Look to the Night Skies! - OZY | A Modern Media Company

WHY YOU SHOULD CARE

Because the stars will be here long after you, so catch them while you can.

  • With less visual noise clouding the skies, courtesy of COVID-19 shutdowns, stargazing is coming back.
  • The night sky is clear enough in many places that not much more than the naked eye is needed to see the stars.

If you’re reading this — no matter where you are in the world and whatever time of day it is — we bet you’re either in bed, on a couch you haven’t gotten off in a week or soaking in a bathtub. With more than a fifth of the world’s population under lockdown in the fight against the coronavirus, there’s not much going on inside your home that would surprise anybody by now.

But outside your home?

Could it be that the virus has actually presented a way new to many of us to pass time this summer while socially distanced? Yes: stargazing.

The global stay-at-home orders have had unexpected climate effects, like record low readings of air and light pollution. Which means that even city dwellers have the opportunity to see the sky like never before.

No._COSMOS_(star-chart)

Star Charts

Source Creative Commons

“This is an interesting phenomenon that we’re experiencing,” says Joseph Guzman, founder, chief astronomer and administrator of the Chicago Astronomer, an organization that sets up telescopes throughout Chicago. “With the closing down of factories and automobiles, the particles have been reduced to where the skies are now deeper, they’re clearer and the stars are actually twinkling. The way they’re supposed to be.”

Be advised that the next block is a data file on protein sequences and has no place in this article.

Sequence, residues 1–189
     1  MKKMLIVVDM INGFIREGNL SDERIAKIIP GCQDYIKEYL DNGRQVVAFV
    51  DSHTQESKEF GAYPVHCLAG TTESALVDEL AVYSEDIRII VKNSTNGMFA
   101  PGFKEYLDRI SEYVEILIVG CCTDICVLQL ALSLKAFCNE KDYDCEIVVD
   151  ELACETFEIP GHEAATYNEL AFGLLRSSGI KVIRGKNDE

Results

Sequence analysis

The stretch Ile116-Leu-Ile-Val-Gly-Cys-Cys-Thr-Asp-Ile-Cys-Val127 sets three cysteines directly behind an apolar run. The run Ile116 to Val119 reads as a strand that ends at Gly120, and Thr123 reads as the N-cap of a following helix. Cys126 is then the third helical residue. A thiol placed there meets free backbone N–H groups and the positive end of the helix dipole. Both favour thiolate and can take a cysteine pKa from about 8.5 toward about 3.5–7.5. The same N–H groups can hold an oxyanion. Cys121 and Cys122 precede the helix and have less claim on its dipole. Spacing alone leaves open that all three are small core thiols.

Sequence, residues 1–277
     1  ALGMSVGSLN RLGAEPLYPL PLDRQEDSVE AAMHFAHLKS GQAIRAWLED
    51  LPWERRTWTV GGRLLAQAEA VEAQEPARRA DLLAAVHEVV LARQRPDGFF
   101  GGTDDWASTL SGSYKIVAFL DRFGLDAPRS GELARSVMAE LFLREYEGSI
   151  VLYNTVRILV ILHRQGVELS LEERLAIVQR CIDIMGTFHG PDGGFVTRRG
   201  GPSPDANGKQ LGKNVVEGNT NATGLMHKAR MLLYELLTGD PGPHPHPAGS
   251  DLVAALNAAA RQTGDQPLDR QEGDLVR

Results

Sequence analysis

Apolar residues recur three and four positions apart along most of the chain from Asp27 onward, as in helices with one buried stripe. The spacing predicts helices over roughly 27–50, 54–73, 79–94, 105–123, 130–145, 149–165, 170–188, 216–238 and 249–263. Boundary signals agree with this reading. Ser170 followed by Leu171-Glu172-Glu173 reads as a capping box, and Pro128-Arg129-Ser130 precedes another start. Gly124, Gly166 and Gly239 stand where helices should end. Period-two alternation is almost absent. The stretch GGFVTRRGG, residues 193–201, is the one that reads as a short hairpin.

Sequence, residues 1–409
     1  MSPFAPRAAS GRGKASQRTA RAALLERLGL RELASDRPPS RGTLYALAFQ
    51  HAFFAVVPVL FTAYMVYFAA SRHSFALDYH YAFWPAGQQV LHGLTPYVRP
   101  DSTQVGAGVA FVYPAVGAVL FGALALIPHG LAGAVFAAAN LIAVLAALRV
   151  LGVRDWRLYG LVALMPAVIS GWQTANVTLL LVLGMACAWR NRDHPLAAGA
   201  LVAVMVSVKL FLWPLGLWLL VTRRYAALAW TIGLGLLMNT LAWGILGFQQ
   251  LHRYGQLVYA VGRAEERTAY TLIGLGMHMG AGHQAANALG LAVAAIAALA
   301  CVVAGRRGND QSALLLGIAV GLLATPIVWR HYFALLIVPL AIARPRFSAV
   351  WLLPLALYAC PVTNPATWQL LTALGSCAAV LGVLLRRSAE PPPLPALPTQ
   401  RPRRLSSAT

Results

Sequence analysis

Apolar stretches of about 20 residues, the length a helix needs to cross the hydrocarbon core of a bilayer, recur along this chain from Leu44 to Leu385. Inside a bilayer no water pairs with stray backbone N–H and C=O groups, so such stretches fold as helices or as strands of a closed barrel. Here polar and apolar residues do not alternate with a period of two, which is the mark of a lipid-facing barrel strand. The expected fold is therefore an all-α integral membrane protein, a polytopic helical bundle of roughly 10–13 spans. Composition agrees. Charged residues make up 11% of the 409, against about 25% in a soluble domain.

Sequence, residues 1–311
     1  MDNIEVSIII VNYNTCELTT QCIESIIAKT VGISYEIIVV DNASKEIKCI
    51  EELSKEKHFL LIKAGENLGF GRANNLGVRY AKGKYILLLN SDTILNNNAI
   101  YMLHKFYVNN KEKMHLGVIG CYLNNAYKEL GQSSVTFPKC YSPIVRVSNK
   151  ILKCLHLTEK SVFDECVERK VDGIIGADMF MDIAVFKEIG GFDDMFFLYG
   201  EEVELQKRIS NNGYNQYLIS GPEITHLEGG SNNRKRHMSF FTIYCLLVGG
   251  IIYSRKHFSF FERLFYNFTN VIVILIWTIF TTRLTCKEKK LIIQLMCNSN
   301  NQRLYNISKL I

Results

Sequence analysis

Since most of us are at home and have the time to enjoy the night sky, here’s a list of ways to go about stargazing, no matter where you live.

Find Shade

Get out of the glare of lighting, especially if you live in a city or town where there are streetlights. Find a shaded area in your backyard or on your porch, deck, balcony or fire escape and make yourself comfortable. Just because light makes stargazing difficult doesn’t mean you have to wait until the middle of the night. In fact, the best time to stargaze is twilight.

As the sun is setting, you can watch the sky turn from bright blue to turquoise to deep blue. If you’re an early riser, get up at 4 a.m. and watch the night sky slowly brighten. You’ll see things the night owls don’t. 

Face North

Sit facing north and look for Polaris, or the North Star. The northern sky orbits Polaris, and with reduced light pollution, you’ll be able to see clear patterns that you can familiarize yourself with. 

Get Comfortable

Stargazing just might turn out to be your favorite pastime this summer, so why not make it an event. Prepare to be outside for a significant amount of time and bring blankets, water and snacks. You don’t want to miss something cool because you were going in and out of the house. 

Use What You Have

If you’re a newbie stargazer, the good news is that you don’t need high-tech tools — your naked eye will work just fine. If you do decide to buy a telescope, first familiarize yourself with the night sky and identify a few anchor objects like planets or constellations.

If you have some extra dough and you’re really getting into stargazing, binoculars are a good middle ground. Use them for close-ups of the moon and its craters. They don’t need to be expensive — you can usually find an affordable pair at a local department store or online.

Map It

If you want to go old-school and make it a fun event with your kids, print out a star chart or download an app like SkySafari or Stellarium to help you identify constellations and planets. One of the most exciting parts about stargazing is learning about the sky.

Go Deep

This distancing thing doesn’t appear to be ending anytime soon. Luckily for us, there are a number of cool things happening in the cosmos this summer. Check out astronomy resource websites like earthsky.org/tonight or the moon phases chart on timeanddate.com. The Adler Planetarium posts frequent #LookUp updates on social media; it also has a printable LookUp guide for beginner astronomers that includes drawing and journaling prompts to get to know the sky over the course of a week.

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